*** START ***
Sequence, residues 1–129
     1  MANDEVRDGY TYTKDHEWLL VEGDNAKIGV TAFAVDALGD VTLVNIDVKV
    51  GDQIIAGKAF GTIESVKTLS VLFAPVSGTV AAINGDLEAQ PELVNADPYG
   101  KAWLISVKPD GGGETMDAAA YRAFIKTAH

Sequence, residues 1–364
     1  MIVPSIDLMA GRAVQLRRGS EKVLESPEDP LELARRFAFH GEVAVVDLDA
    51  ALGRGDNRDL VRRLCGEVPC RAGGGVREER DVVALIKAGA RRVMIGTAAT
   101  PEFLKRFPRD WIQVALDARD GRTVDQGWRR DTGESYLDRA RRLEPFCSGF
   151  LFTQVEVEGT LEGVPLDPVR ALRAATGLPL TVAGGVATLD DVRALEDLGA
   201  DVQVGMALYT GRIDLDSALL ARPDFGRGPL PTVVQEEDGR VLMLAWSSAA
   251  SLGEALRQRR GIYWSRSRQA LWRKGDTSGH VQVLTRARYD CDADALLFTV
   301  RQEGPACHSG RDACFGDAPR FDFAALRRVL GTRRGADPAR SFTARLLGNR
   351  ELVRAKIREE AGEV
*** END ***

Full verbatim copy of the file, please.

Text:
Sequence, residues 1–129
     1  MANDEVRDGY TYTKDHEWLL VEGDNAKIGV TAFAVDALGD VTLVNIDVKV
    51  GDQIIAGKAF GTIESVKTLS VLFAPVSGTV AAINGDLEAQ PELVNADPYG
   101  KAWLISVKPD GGGETMDAAA YRAFIKTAH

Sequence, residues 1–364
     1  MIVPSIDLMA GRAVQLRRGS EKVLESPEDP LELARRFAFH GEVAVVDLDA
    51  ALGRGDNRDL VRRLCGEVPC RAGGGVREER DVVALIKAGA RRVMIGTAAT
   101  PEFLKRFPRD WIQVALDARD GRTVDQGWRR DTGESYLDRA RRLEPFCSGF
   151  LFTQVEVEGT LEGVPLDPVR ALRAATGLPL TVAGGVATLD DVRALEDLGA
   201  DVQVGMALYT GRIDLDSALL ARPDFGRGPL PTVVQEEDGR VLMLAWSSAA
   251  SLGEALRQRR GIYWSRSRQA LWRKGDTSGH VQVLTRARYD CDADALLFTV
   301  RQEGPACHSG RDACFGDAPR FDFAALRRVL GTRRGADPAR SFTARLLGNR
   351  ELVRAKIREE AGEV